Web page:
4/14/2022 | By America's Test Kitchen

Once you make homemade fruit leather, you might never buy the packaged stuff again! Goodbye, Fruit Roll-Ups! Goodbye unpronounceable ingredients! Great project to do with the grandkids, or simply to make for them … or you!

Have you ever eaten Fruit Roll-Ups? These chewy, fruity treats are produced by General Mills and have been in supermarkets since 1983. That’s a long time. But rolled fruit snacks have actually been around far longer.

More than 100 years ago in New York City, a Syrian immigrant imported apricot paste and turned it into a fruit leather called amardeen. It came in large sheets, so when a customer wanted to buy some, they simply cut off a long piece and handed it to them.

Our 10-year-old recipe tester, Selah, said, “It smelled so good while cooking. It’s amazing how it changed colors.”

Triple-Berry Fruit Leather

fruit pastille photo by Domnitsky Dreamstime. Once you make homemade fruit leather, you might never buy the packaged stuff again! Goodbye, Fruit Roll-Ups! Great project for – or with – the grandkids.

Makes 12 fruit leather strips


  • Vegetable oil spray
  • 4 cups mixed berries (blueberries, raspberries and strawberries – strawberries hulled and chopped)
  • 2 large Granny Smith apples (8 ounces each), peeled, cored and chopped
  • 1/4 cup sugar


  1. Adjust oven rack to middle position and heat oven to 200 degrees. Use a pencil and ruler to draw a 14-by-11-inch rectangle on a large sheet of parchment paper. Flip parchment and place on a rimless baking sheet. Spray parchment evenly with vegetable oil spray.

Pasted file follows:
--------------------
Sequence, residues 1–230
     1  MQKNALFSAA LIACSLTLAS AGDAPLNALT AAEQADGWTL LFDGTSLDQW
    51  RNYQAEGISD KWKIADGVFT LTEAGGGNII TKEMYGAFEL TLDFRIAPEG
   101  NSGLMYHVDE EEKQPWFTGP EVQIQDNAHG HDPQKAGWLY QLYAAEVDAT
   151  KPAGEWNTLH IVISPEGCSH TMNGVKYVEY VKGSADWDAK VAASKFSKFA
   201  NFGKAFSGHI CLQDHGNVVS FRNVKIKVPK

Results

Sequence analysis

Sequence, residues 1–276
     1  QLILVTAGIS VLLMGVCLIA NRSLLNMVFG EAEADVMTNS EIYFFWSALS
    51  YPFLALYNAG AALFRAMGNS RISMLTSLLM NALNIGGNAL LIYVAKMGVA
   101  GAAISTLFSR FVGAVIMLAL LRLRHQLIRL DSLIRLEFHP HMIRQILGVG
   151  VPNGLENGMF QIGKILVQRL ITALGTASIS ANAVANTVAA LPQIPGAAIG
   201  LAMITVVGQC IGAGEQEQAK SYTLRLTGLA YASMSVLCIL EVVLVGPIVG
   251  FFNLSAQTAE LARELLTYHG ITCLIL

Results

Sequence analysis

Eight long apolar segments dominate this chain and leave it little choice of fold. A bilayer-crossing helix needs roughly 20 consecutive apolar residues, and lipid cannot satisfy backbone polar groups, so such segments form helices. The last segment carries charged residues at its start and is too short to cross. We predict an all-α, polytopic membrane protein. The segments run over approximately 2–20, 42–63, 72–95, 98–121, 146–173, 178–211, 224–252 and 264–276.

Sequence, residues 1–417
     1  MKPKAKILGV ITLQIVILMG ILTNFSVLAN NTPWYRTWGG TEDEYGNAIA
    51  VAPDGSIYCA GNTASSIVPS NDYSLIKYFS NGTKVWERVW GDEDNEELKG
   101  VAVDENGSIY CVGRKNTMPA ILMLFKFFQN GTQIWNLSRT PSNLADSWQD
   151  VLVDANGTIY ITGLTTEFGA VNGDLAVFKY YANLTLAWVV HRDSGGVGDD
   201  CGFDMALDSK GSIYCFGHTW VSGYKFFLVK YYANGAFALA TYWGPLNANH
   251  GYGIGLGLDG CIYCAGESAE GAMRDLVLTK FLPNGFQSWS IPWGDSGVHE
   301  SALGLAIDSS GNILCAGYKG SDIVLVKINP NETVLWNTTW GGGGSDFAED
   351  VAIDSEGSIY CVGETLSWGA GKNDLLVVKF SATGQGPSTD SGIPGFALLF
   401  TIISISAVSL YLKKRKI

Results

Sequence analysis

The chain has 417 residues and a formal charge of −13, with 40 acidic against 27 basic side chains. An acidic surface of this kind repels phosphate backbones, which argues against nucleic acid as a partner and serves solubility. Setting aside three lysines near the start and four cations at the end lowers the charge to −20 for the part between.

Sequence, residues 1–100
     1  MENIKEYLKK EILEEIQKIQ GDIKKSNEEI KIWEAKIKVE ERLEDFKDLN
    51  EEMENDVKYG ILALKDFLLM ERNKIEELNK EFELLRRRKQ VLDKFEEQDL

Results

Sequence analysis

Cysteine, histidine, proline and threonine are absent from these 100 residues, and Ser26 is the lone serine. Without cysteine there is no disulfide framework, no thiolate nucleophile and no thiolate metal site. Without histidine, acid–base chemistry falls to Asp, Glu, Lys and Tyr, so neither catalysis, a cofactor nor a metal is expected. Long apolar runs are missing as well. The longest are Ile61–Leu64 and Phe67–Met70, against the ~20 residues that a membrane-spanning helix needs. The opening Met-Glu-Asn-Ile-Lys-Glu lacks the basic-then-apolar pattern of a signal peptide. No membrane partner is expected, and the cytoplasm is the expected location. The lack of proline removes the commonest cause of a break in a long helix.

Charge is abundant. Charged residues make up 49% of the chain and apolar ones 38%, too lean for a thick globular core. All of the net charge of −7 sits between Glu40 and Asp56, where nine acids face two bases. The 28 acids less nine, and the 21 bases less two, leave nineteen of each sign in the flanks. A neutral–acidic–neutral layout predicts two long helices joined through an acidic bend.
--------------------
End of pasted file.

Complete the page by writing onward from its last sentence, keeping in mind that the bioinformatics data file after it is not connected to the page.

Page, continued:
2. Place berries in a blender jar followed by apples. Hold down pulse button for 1 second, then release. Repeat until fruit is finely chopped, about 10 1-second pulses, scraping down sides of blender jar with rubber spatula a few times.
  3. Add sugar and replace lid. Process until very smooth, about 3 minutes, stopping to scrape down sides of blender jar with rubber spatula halfway through processing.
  4. Place a fine-mesh strainer over a large saucepan. Pour berry mixture through strainer into saucepan. Use the back of a ladle to stir and press on mixture to get out as much liquid as possible; discard solids in strainer.
  5. Bring mixture to a boil over medium-high heat. Reduce heat to medium-low and gently simmer, whisking often and lowering heat if mixture begins to splatter, until mixture is thickened, about 30 minutes.
  6. Pour mixture into a 4-cup liquid measuring cup. Mixture should measure 2 cups. If it is more than 2 cups, return mixture to saucepan and continue to cook over medium-low heat until mixture measures 2 cups.
  7. Pour berry mixture onto the center of the parchment-lined baking sheet. Use an icing spatula to spread mixture into an even layer to the edges of a 14-by-11-inch rectangle. Gently jiggle and tap the baking sheet on the counter to create a smooth, even layer for a smooth, even fruit leather.
  8. Place baking sheet in oven and bake until mixture is set, 4 to 5 hours. To check for doneness, remove baking sheet from oven and place on cooling rack. Gently touch center of fruit leather – it should feel dry but slightly tacky to touch, and fruit leather should peel away from parchment cleanly. (If it’s still too wet, use oven mitts to transfer baking sheet back to oven and continue baking.)
  9. Let fruit leather cool completely, about 30 minutes. Use scissors to cut fruit leather (along with parchment backing) crosswise into 12 1-inch-wide strips (trimming away any dry edges as needed). Roll up fruit leather strips. Serve. (Fruit leather can be stored at room temperature in airtight container for up to two weeks.)

© 2022 America’s Test Kitchen. Distributed by Tribune Content Agency, LLC.

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